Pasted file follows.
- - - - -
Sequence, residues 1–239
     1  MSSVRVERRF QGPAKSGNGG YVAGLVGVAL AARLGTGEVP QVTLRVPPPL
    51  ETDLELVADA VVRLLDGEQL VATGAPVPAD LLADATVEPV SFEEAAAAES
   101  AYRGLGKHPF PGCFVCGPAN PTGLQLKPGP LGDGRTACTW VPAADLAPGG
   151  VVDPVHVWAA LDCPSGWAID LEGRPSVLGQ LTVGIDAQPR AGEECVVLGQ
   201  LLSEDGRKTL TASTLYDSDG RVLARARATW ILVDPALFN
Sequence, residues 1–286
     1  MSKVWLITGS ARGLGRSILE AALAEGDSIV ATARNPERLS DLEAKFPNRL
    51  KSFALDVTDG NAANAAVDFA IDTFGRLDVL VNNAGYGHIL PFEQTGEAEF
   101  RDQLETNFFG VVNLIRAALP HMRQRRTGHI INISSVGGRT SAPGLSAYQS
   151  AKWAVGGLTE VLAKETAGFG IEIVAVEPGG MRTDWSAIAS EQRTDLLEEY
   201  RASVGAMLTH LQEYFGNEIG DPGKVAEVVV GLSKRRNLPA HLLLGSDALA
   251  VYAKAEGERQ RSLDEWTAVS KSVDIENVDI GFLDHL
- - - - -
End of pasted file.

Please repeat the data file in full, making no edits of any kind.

Sequence, residues 1–239
     1  MSSVRVERRF QGPAKSGNGG YVAGLVGVAL AARLGTGEVP QVTLRVPPPL
    51  ETDLELVADA VVRLLDGEQL VATGAPVPAD LLADATVEPV SFEEAAAAES
   101  AYRGLGKHPF PGCFVCGPAN PTGLQLKPGP LGDGRTACTW VPAADLAPGG
   151  VVDPVHVWAA LDCPSGWAID LEGRPSVLGQ LTVGIDAQPR AGEECVVLGQ
   201  LLSEDGRKTL TASTLYDSDG RVLARARATW ILVDPALFN
Sequence, residues 1–286
     1  MSKVWLITGS ARGLGRSILE AALAEGDSIV ATARNPERLS DLEAKFPNRL
    51  KSFALDVTDG NAANAAVDFA IDTFGRLDVL VNNAGYGHIL PFEQTGEAEF
   101  RDQLETNFFG VVNLIRAALP HMRQRRTGHI INISSVGGRT SAPGLSAYQS
   151  AKWAVGGLTE VLAKETAGFG IEIVAVEPGG MRTDWSAIAS EQRTDLLEEY
   201  RASVGAMLTH LQEYFGNEIG DPGKVAEVVV GLSKRRNLPA HLLLGSDALA
   251  VYAKAEGERQ RSLDEWTAVS KSVDIENVDI GFLDHL